“The people who walked away from the ministerial table must return. They can’t behave like spoiled children,” Mr Gbagbo said in Abidjan.
“The departure of Haiti’s president, Jean-Bertrand Aristide, has given certain Ivorians ideas. But President Gbagbo is not Aristide and Ivory Coast isn’t Haiti,” he said.
Tensions in the volatile west African country have been especially high since the deadly clashes last Thursday between the security forces and anti-Gbagbo demonstrators. The crackdown prompted the walkout by the opposition parties from the unity government.
Police say 25 people died in the unrest, which broke out when security forces were sent in to quell a protest over Mr Gbagbo’s perceived unwillingness to implement a January 2003 peace plan. However, the opposition said around 160 people were killed.
The peace accord calls for the president to give up some of his executive powers and brought rebels, whose uprising on September 2002 plunged Ivory Coast into civil war, into the fragile unity government.
Now all the opposition parties, including the former rebels, have left the government, and have refused calls to meet with Mr Gbagbo.
“We are not prepared to sit down at the same table with our activists’ executioners. That man has dirty hands,” said Bacongo Cisse, a senior member of the main opposition Rally of Republicans (RDR).
The former rebel groups, which joined the transitional unity government as a political movement called the New Forces, still control the northern half of Ivory Coast, the world’s largest cocoa producer and a former beacon of stability in the region.
Mr Gbagbo said his rivals had walked out because of the expected deployment of UN peacekeepers in the country.
“They don’t want the UN troops to come here because that means the start of a disarmament process they don’t want to see and preparations for elections some of them are worried about,” he said.
The UN Security Council voted last month to create a new 6,000-strong UN peacekeeping force for the west African nation, in addition to the 4,000 French troops already on the ground.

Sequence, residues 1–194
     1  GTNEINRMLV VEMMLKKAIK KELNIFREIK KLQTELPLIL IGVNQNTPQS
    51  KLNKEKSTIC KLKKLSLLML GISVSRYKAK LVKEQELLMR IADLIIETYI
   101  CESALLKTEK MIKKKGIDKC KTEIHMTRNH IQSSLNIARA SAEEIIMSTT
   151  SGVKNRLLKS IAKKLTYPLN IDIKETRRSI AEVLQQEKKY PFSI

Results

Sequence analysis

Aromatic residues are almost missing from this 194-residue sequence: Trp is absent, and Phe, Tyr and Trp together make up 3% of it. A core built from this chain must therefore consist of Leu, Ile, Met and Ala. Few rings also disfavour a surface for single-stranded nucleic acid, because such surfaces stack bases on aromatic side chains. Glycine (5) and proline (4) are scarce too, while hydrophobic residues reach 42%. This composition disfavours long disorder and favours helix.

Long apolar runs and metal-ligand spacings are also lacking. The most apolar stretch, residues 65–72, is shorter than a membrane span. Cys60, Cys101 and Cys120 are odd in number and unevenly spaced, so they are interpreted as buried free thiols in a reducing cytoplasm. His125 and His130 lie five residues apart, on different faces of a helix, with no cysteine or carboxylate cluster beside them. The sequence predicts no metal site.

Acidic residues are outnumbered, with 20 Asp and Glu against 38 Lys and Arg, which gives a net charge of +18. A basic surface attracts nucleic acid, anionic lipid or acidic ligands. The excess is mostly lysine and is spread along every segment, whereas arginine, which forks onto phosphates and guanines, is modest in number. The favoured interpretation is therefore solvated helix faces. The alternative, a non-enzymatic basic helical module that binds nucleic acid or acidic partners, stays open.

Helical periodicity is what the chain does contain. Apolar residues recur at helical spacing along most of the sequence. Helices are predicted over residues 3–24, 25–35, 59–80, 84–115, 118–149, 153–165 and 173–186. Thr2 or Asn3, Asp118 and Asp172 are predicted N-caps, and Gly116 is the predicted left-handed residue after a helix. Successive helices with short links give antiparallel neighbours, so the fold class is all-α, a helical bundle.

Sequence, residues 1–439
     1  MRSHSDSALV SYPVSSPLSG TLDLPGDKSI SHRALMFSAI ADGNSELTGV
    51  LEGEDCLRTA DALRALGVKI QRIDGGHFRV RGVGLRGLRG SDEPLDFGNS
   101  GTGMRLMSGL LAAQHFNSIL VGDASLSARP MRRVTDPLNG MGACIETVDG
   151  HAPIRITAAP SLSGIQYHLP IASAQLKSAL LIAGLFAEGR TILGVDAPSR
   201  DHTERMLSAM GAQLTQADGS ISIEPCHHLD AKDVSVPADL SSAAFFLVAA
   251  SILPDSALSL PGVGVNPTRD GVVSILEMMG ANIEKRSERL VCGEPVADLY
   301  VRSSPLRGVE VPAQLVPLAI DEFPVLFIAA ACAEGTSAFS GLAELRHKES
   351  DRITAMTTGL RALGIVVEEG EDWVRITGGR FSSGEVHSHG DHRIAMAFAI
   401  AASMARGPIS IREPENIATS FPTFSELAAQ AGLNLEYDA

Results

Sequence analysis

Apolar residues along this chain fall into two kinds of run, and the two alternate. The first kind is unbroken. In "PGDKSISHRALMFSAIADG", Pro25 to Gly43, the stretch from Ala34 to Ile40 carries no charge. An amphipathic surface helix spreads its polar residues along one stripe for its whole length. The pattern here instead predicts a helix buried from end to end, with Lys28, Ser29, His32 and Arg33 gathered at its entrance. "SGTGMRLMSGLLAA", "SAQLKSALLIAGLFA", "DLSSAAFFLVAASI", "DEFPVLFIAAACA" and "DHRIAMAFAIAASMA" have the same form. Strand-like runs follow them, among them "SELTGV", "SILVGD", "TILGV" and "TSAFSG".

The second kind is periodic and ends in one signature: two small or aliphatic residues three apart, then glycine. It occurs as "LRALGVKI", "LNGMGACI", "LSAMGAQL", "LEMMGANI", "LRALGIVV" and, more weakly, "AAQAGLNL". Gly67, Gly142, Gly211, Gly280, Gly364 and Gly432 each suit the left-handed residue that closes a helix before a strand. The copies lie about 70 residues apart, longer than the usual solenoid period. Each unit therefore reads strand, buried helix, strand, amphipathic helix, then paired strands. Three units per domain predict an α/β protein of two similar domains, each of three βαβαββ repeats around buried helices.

Mr Gbagbo insisted he was the only person who was respecting the French-mediated 2003 peace agreement, which his camp signed with the country’s rebel movements in the Paris suburb of Marcoussis.
“I told them (the opposition groups) to come to a meeting on Monday so we can review the Marcoussis agreements because I am very critical of those agreements today. As it turns out, I’m the only one who’s respecting them,” he said.
“Since the Marcoussis agreements were signed, I’ve done my bit up to now. They’ve got to do their bit, and that means disarming. They don’t want to do that, and that’s what’s really at stake.”
An international committee formed to monitor implementation of the Marcoussis peace deal denounced the violence that marred what aimed to be a “peaceful” march and called for an international investigation into the deaths.
In a statement sent to AFP, the committee said it “denounced the rise in violence ... (and) expressed concern over information about raids and acts of violence in certain neighbourhoods” on Thursday and Friday.
The committee is made up of foreign ambassadors to Ivory Coast and representatives of the European Union and international donors, and is led by the UN special representative to the country, Albert Tevoedjre.